Doyle also points out that employees who post positive things about their employer on personal social platforms make the company very attractive to prospects. For this reason, she encourages companies to allow employees to access social media during work hours, as they are more likely to post about their company then.

Active Strategies

For companies ready to dive headfirst into social hiring, there are a number of applications and tactics that make navigating the occasionally chaotic waters of Facebook,A LinkedInA and their ilk more manageable. That being said, sometimes the most effective strategies occur when a company creatively uses the tools at hand. Matt Simpson, director of marketing atA Bulbstorm, relates the following story:

“My company, Bulbstorm, found me by Googling ‘Phoenix Marketing Copywriter’ and landing on my freelance website. My experience with social media and blogging related to my old sports website particularly piqued their interest. When I considered turning them down to focus on my freelance business, the CEO trash-talked me on Twitter. I loved how unconventional he was. That got my attention, and I signed on.”

This story illustrates two levels of active social hiring. First, the company found an employee that matched its criteria by examining his social sites online. Then, using those social sites, it appealed to his personality. Even though he was not interested at first, its knowledge of his persona enabled the company to obtain a perfect hire.

Innovative Systems

So, harness the power of social media to reach talented people and land key hires within a company – that is the perfect scenario, right? Here are some of the most innovative tools I’ve found that can help you navigate the social hiring landscape.

CrowdHired:A CrowdHired works through social crowdsourcing which, aside from being an overused buzzword, offers a dynamic approach to finding employees. The process is fairly simple: An employer selects advocates from his existing contacts and submits a bounty, or payment, that will be paid to both the advocate and the employee hired as a result of the recommendation. The advocate then recommends individuals from his network who he thinks would be a good fit. If the recommended person wants to apply for the position, he chooses whichever of his social networks he thinks will represent him best.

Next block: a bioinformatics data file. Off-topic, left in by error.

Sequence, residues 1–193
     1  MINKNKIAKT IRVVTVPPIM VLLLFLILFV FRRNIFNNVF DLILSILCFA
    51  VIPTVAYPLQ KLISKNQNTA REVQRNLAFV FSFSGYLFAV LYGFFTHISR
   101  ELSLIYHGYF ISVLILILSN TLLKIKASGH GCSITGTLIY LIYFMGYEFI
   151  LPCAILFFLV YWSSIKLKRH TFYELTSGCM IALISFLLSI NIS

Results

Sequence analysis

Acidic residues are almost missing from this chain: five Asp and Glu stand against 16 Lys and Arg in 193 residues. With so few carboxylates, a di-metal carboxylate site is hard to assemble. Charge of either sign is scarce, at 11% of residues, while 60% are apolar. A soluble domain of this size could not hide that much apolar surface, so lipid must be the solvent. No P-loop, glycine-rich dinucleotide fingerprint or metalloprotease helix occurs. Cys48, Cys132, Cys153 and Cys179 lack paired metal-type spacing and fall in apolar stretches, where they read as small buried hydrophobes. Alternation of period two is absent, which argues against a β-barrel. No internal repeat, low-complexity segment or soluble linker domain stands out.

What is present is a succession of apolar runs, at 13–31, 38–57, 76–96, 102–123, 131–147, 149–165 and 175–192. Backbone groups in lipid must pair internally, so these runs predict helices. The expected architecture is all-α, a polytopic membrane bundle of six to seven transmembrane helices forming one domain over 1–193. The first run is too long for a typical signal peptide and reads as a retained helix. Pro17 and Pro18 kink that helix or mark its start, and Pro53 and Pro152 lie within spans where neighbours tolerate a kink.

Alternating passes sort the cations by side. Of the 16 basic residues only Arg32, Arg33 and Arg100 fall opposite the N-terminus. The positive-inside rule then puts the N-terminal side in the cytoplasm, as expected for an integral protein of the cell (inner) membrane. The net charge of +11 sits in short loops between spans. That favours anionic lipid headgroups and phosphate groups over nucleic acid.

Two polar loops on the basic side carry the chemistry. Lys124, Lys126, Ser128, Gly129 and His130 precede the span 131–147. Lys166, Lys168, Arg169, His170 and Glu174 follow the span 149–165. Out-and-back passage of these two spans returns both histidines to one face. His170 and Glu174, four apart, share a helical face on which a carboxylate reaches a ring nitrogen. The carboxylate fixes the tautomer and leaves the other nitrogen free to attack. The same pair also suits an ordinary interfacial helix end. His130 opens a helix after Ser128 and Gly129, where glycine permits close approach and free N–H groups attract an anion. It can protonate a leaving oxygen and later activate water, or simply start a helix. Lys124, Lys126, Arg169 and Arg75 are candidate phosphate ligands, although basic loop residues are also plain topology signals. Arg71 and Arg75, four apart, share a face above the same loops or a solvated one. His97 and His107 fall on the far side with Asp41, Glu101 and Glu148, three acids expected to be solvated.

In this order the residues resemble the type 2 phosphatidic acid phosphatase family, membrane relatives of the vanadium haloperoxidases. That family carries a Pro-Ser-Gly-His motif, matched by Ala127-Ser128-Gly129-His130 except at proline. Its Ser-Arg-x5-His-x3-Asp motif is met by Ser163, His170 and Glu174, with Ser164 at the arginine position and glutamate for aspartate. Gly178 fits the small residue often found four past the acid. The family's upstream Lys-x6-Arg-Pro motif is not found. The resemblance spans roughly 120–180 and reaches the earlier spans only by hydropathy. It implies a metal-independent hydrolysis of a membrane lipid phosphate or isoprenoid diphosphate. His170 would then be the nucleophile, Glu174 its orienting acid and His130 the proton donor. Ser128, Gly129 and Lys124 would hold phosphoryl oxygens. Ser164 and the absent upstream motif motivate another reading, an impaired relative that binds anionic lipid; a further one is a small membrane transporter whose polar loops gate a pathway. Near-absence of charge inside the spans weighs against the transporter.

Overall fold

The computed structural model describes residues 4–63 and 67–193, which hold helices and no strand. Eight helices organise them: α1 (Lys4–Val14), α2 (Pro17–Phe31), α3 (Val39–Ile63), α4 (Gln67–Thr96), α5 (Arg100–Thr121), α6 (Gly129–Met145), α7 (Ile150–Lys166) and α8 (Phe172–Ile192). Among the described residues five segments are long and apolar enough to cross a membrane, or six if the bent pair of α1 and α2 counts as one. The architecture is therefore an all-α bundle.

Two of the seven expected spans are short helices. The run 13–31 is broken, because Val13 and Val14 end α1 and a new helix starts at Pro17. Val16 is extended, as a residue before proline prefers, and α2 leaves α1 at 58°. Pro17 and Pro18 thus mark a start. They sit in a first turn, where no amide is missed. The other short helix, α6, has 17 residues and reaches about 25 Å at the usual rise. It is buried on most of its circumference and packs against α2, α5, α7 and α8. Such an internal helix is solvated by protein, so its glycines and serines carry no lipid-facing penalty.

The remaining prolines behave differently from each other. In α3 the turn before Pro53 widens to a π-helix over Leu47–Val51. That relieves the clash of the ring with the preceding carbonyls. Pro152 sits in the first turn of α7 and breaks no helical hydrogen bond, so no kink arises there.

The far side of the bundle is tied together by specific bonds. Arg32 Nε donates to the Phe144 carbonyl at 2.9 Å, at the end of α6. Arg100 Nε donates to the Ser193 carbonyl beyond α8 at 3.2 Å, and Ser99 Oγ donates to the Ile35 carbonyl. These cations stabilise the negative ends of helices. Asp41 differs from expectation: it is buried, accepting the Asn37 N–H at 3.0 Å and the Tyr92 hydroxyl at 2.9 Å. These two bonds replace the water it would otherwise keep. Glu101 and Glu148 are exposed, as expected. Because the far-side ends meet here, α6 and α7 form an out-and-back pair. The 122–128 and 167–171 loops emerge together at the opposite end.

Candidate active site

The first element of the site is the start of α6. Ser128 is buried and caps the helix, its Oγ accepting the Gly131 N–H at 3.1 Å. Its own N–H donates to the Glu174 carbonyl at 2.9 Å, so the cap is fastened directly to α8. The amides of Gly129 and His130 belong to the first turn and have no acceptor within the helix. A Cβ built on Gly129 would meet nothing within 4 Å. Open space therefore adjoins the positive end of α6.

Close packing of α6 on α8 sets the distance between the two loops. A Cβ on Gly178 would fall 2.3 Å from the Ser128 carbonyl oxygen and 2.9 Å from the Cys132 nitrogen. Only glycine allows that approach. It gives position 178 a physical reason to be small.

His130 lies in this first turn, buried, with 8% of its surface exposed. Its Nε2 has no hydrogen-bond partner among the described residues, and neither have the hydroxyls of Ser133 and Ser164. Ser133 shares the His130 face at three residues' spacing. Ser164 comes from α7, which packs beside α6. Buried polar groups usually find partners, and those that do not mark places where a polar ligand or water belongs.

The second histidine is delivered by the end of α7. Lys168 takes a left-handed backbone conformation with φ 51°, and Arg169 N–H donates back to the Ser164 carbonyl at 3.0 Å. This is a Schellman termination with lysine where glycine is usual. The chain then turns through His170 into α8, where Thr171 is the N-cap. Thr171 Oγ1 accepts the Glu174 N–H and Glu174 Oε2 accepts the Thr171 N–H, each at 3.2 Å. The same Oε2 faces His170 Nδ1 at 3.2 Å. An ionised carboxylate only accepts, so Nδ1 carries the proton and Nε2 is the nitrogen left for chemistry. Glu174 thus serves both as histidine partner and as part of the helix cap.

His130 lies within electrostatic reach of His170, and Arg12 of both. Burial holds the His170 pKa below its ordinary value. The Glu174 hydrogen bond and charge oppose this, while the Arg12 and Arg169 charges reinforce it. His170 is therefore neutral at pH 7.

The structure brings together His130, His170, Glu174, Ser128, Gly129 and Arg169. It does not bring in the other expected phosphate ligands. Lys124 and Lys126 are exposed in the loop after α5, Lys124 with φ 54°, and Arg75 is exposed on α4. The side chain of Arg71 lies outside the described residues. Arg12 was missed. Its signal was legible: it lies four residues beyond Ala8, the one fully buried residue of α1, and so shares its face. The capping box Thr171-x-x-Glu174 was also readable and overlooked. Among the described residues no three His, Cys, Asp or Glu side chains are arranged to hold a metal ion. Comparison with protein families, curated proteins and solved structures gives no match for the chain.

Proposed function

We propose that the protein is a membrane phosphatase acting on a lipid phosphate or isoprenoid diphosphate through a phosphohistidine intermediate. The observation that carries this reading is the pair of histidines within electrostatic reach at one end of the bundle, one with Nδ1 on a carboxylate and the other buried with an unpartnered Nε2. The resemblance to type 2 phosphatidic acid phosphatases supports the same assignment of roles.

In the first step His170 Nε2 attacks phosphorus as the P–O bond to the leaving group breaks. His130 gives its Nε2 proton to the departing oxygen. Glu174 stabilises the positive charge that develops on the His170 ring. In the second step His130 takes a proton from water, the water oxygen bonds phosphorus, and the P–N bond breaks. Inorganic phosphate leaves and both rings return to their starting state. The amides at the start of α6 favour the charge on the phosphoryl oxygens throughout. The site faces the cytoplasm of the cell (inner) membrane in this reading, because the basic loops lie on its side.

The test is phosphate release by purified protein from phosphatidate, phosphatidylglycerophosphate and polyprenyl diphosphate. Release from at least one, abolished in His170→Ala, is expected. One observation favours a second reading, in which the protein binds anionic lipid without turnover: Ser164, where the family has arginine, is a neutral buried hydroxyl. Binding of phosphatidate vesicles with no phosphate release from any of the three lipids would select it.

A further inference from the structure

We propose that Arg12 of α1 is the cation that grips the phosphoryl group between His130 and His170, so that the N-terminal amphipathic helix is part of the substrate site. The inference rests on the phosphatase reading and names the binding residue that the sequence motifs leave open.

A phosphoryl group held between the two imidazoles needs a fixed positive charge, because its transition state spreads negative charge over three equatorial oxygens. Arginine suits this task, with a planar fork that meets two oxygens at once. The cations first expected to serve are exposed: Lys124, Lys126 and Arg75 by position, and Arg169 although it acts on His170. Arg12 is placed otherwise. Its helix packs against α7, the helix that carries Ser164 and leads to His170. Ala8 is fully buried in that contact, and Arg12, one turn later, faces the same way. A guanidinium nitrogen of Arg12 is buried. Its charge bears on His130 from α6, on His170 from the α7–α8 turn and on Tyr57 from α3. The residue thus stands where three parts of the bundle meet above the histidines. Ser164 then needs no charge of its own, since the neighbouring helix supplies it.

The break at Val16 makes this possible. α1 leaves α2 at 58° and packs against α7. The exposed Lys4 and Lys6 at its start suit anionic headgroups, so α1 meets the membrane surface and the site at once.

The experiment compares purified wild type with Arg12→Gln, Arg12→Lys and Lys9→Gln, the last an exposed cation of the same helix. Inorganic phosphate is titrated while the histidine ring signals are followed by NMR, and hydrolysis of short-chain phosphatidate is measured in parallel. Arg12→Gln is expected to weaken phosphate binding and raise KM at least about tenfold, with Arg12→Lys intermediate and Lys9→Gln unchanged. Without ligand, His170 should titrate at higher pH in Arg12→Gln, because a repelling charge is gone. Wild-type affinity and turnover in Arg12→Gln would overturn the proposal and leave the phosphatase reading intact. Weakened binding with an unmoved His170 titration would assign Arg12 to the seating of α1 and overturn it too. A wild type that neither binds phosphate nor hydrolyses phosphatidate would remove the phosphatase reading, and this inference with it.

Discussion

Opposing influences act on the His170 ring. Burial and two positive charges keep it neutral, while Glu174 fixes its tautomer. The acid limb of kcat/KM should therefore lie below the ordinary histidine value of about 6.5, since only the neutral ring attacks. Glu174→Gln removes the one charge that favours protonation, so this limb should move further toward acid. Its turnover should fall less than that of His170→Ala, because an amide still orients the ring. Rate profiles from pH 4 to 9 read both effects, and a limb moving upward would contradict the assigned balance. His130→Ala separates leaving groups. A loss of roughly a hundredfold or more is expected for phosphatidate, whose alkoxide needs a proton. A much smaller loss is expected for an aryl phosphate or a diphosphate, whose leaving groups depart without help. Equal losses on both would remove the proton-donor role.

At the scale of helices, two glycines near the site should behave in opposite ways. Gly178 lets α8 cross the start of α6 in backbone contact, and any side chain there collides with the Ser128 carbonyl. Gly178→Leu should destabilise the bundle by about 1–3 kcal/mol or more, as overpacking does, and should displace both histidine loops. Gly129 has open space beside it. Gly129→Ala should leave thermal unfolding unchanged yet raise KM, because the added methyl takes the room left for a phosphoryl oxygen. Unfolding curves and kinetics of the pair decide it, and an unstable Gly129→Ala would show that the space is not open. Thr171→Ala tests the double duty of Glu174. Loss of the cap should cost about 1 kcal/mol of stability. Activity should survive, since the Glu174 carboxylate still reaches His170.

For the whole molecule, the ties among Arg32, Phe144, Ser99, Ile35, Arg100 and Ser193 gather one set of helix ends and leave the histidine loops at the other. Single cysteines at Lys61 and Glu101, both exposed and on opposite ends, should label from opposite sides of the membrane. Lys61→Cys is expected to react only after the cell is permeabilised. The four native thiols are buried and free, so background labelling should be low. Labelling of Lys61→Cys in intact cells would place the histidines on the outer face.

CrowdHired works well by eliminating the need to dredge through a large number of potentially unqualified applicants, and instead operates through the popular method of using recommendations to find the top people. The bounty simply adds an extra incentive for advocates to get on board and really recommend the best of their contacts.

HirePlug:A This is an app that sits on top of your company’s existing Facebook Page. It adds a tab that says “We Are Hiring” and allows applicants to view openings and apply directly from there. HirePlug not only leverages the network of your company but also employees’ networks. A company that uses this app can encourage employees to place the “We Are Hiring” tab on their profiles as well. The app also matches the skills from listed positions to profiles of friends within the employees’ networks. Employees can then send a recommendation from Facebook and via email. It tracks referrals so employees can be rewarded if their recommendation results in a hire.

Unrabble:A Unrabble attempts to alleviate the issue of applicants submitting resumes that are, shall we say, a bit fluffed up. Instead, it institutes a relatively simple system of social “bragging” that requires proof to substantiate the claim. Each time an applicant “brags” about an accomplishment (increasing sales, successfully revamping a site, etc.), they must also provide an introduction to a contact on Facebook or LinkedIn who will vouch for him. While the system isn’t foolproof, it offers a convenient alternative to wading through the piles of resumes from apparent miracle workers who single-handedly saved their company from financial bankruptcy, yet mysteriously received little enough compensation that they are now applying for another job.


Social media offers a whole slew of new and exciting avenues for hiring, but it will not always provide the best solution for every company. That being said, a company that integrates social hiring practices into its repertoire will undoubtedly be able to reach many applicants who might otherwise have gone unnoticed or undervalued. Plus, they will be able to claim that they are “hip” and/or “cool,” or whatever the devil the kids are saying nowadays.

byA Curt Finch